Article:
serious for the Prince. The first was lodged by FUNCINPEC on
November 8, 2006 and accused the Prince of improprieties
surrounding the sale of the FUNCINPEC party headquarters to a
private development company headed by businessman Ly Chhoung.
FUNCINPEC Secretary General Nhek Bun Chhay brought the suit
against Ranariddh, and accused the former FUNCINPEC leader of
an "abuse of confidence" and of personally profiting from the
USD 3.6 million transaction. According to the complaint,
Ranariddh allegedly sold the property to Ly Chhoung in 2005,
with USD 1.2 accorded for the purchase of the new FUNCINPEC
headquarters site and USD 2.4 retained by Ly Chhoung's
company for use in building the new facility. The suit
maintains that Ranariddh proceeded with the sale without the
knowledge of FUNCINPEC officials, and that Ranariddh put the
title of the new headquarters property in his name. NRP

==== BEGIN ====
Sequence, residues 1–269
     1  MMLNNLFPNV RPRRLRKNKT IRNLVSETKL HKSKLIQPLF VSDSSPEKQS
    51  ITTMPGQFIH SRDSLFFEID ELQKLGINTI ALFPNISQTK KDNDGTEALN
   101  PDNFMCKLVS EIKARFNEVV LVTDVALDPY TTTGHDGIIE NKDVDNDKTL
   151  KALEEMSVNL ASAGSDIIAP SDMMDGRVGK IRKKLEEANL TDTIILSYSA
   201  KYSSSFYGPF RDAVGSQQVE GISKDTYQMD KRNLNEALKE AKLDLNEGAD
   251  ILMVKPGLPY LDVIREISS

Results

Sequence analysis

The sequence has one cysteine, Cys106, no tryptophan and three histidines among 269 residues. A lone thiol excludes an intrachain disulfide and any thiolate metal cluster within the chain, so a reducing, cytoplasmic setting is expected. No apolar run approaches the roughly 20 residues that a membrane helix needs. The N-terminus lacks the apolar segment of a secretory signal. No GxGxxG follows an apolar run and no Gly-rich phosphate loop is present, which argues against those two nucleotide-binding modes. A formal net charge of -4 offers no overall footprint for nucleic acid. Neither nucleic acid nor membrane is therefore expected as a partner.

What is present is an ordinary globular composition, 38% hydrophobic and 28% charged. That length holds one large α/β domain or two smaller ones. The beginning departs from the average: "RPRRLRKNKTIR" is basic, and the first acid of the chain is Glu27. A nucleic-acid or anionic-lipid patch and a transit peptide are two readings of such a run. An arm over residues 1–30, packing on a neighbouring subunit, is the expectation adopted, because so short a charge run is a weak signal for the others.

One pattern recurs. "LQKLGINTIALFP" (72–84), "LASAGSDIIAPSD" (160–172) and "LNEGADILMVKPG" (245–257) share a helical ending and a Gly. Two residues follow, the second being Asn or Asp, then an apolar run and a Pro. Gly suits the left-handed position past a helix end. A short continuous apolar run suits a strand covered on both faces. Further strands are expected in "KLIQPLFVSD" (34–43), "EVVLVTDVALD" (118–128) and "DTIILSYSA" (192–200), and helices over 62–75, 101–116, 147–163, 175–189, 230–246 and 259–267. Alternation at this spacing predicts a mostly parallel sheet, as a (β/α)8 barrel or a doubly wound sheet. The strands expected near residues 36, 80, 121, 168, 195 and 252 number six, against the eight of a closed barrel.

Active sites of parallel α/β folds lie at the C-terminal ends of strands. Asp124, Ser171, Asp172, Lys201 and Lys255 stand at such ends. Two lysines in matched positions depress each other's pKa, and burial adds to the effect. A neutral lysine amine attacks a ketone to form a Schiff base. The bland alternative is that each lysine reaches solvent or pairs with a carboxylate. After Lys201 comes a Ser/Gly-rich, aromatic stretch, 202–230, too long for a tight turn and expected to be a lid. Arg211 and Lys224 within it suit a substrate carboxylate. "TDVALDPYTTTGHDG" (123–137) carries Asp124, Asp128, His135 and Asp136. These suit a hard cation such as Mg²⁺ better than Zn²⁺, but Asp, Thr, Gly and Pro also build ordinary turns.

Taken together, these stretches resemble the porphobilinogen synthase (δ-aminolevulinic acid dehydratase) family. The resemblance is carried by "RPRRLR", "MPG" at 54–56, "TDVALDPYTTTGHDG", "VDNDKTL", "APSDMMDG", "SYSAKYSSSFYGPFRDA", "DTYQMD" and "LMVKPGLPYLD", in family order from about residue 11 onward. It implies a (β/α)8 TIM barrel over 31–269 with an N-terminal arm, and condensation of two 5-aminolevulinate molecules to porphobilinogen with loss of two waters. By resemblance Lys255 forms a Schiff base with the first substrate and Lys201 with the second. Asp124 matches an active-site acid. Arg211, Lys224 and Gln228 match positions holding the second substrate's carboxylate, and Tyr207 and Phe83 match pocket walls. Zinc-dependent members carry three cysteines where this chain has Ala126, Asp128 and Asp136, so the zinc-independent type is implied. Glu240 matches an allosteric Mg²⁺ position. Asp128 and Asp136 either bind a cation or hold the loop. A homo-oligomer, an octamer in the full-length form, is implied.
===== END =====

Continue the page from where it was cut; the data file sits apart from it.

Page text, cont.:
officials insist that FUNCINPEC officials were aware of the
sale, including Nhek Bun Chhay, who the NRP claims was
instrumental in brokering the deal with Ly Chhoung -- a
relative of CPP Standing Committee member and National
Assembly parliamentarian Cheam Yeap. Ranariddh's advisors
maintain the Prince did not make any money from the sale and
the Prince's legal team has circulated a rejoinder accusing
Nhek Bun Chhay of political motives in bringing the baseless
suit against Ranariddh. Meanwhile, the Phnom Penh Municipal

PHNOM PENH 00000310 002 OF 003

Court began taking testimony and collecting documents related
to the case in January 2007.

5. (U) In early January 2007, PM Hun Sen requested the RGC
to investigate the details surrounding the May 2000 contract
awarded to a Taiwanese construction firm for the renovation
of the National Stadium. The government's spokesperson,